In honour of this week’s 2nd Global Week for Action on NCDs C3 Collaborating for Health have a quick survey for you and could use your expertise.
As you may know, there has been ongoing debate about the need to rename non-communicable diseases (NCDs).
Why a new name? The term NCDs has been criticised for being outdated, not descriptive enough, misleading, and unfitting for conveying the gravity of this number one killer in the world.
There have been a few suggestions for alternative names, each with their pros and cons. As a ‘fun’ exercise this Global Action on NCDs week we’re reaching out to you, our creative network, to see if you can help answer our questions so we can collectively brainstorm a better term for NCDs.
As we get closer to the Second Global Week for Action on Noncommunicable Diseases (NCDs) 2-8 September 2019, the NCD Alliance invites you to start sharing your plans for the week through enoughncds.com.
The Week for Action on NCDs will harness the strengths of the NCD community and momentum toward the UN High-Level Meeting (HLM) on UHC on 23rd September. We are unifying the NCD movement and beyond around our right to health to say: ‘ENOUGH. Ensuring Healthy Lives for All: Noncommunicable Diseases and Universal Health Coverage.’
To read more about this, go to: https://enoughncds.com/8wks-to-2019-w4a/
Governments in WHO Member States must implement existing policies and set ambitious goals at national level if they are to live up to their commitment to reduce premature deaths from noncommunicable diseases (NCDs) in the WHO European Region. That was the message from speakers and participants at the plenary session of the WHO European High-level Conference on Noncommunicable Diseases held in Ashgabat, Turkmenistan on 9–10 April 2019.
Reducing premature deaths from NCDs by one third by 2030
Under Sustainable Development Goal target 3.4, governments have committed to reduce deaths from NCDs by one third by 2030, to prevent people from dying too young. The actions countries can take to achieve this target were the focus of the conference, attended by 44 countries from across the Region.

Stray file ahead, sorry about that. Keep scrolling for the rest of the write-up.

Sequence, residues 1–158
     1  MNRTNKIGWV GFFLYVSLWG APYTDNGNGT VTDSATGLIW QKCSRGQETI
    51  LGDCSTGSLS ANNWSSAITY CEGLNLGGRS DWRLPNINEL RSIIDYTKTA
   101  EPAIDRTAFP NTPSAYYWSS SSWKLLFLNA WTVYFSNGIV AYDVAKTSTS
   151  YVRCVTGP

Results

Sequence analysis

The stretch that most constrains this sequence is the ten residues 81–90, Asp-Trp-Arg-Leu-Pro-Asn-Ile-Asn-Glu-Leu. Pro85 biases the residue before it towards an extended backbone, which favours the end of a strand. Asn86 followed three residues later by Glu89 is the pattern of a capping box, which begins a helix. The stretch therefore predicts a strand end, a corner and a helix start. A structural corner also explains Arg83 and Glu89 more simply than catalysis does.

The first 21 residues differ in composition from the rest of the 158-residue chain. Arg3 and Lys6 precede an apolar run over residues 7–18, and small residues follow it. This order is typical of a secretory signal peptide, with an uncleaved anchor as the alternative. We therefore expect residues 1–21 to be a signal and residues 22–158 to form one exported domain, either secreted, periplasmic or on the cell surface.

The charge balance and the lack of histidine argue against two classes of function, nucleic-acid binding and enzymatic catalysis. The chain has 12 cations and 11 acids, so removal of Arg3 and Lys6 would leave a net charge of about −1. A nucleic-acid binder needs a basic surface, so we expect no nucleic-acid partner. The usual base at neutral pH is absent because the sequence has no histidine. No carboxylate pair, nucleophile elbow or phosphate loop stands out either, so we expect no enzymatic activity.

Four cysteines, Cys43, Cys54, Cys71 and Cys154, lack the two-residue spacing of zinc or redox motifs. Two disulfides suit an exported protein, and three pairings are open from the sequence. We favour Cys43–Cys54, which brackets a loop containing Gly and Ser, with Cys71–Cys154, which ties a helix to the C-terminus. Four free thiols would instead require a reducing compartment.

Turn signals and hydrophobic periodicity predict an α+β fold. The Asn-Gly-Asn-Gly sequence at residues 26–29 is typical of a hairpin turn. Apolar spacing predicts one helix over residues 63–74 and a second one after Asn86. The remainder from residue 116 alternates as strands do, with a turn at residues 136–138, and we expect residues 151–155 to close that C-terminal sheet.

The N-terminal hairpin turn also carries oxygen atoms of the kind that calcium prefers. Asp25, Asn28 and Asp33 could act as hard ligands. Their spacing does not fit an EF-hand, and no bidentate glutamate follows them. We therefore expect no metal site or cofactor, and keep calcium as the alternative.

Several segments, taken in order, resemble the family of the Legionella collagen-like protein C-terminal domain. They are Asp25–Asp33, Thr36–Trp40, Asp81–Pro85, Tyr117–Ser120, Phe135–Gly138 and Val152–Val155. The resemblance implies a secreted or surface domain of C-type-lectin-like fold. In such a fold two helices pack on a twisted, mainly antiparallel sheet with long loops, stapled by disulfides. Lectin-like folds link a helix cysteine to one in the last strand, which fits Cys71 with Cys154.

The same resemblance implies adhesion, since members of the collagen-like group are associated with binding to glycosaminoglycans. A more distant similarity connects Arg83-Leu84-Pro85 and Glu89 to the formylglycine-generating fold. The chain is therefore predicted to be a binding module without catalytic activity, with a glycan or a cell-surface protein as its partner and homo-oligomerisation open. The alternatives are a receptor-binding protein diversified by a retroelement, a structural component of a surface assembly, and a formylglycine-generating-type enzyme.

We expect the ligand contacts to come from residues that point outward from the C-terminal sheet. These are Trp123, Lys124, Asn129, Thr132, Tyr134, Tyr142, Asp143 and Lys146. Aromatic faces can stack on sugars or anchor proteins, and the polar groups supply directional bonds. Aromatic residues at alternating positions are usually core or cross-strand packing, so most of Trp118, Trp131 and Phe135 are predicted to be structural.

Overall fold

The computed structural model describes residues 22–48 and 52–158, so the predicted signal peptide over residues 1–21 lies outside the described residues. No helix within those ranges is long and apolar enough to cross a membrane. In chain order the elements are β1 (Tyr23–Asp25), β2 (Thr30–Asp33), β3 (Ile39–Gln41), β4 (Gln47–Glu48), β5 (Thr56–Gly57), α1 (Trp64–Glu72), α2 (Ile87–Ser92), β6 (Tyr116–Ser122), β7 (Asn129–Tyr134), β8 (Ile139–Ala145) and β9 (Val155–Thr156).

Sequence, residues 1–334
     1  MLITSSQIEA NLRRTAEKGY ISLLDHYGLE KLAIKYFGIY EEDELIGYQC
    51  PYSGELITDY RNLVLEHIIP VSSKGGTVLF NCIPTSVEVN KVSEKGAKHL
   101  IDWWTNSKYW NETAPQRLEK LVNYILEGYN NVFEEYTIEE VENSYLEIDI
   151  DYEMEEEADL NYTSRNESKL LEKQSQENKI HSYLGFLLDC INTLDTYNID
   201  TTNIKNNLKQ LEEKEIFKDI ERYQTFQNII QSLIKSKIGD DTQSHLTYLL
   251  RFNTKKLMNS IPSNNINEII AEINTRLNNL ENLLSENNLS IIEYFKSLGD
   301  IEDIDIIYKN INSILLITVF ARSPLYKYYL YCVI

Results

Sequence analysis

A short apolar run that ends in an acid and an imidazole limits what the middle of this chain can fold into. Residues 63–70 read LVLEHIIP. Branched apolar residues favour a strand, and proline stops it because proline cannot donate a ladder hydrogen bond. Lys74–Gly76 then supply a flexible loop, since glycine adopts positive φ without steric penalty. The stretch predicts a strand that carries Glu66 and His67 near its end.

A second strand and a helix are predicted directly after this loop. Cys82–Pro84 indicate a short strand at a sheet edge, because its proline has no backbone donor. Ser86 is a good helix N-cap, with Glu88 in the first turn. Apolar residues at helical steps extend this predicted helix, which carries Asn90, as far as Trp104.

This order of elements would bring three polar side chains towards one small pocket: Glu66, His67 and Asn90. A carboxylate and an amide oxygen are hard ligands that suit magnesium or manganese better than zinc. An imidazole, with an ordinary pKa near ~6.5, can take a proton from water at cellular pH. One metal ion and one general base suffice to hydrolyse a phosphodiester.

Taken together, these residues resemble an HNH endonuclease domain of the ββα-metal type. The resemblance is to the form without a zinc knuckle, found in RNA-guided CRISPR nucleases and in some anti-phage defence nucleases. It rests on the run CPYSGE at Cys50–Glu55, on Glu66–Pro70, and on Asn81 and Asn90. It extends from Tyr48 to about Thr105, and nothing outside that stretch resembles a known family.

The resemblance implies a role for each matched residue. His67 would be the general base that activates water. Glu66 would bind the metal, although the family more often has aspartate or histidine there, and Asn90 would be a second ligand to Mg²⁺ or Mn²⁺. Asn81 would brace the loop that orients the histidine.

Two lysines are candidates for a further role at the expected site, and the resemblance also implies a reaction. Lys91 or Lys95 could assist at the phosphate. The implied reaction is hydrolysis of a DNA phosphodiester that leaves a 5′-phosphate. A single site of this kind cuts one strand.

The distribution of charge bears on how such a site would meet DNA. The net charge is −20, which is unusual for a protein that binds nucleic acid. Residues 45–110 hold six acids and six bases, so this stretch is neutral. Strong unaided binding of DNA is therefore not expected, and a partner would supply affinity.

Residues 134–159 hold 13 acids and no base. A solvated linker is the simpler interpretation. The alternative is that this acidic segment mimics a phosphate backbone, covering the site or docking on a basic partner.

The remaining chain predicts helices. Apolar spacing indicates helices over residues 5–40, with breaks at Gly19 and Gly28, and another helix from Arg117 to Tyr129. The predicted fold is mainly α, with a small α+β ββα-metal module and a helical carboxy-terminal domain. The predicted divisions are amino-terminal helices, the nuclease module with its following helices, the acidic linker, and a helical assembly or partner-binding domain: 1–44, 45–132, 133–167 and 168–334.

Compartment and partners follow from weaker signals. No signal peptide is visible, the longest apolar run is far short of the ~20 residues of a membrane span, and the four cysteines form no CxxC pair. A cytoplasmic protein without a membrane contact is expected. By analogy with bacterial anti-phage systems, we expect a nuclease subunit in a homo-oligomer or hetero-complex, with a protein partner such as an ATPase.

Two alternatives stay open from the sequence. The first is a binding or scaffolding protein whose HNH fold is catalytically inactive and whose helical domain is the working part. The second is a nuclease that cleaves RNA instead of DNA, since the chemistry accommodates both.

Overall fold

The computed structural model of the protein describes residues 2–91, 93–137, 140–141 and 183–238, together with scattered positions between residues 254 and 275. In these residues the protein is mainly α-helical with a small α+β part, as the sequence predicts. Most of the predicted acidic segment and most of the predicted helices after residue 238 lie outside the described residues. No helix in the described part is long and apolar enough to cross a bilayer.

To read more about this, go to: http://www.euro.who.int/en/countries/turkmenistan/news/news/2019/4/member-states-urged-to-ramp-up-fight-against-noncommunicable-diseases
The Gateway recently published a series of briefs on Dietary Salt, Dietary Fats as well as Alcoholic Beverages. Knowledge Gateway briefs include useful and well-structured information on critical issues.
You will find reliable, independent and up-to date information on topics related to the promotion of health and well-being, in particular the prevention of non-communicable diseases like cardiovascular disease, diabetes and cancer.
To read more about these briefs go to: Health Promotion and Disease Prevention Knowledge Gateway – European Commission
This Gateway is a reference point for public health policy makers, offering reliable, independent and up-to date information on topics related to the promotion of health and well-being, in particular the prevention of non-communicable diseases like cardiovascular disease, diabetes and cancer.
It provides short, impactful and concise briefs for each topic, focusing on the aspects most relevant to policy makers. The topics covered in this Knowledge Gateway were prioritised by EU decision makers working in the areas of public health and prevention of non-communicable diseases. The content is to be updated periodically and new Briefs will be added regularly to reflect developments in the field and respond to the needs of EU policy makers.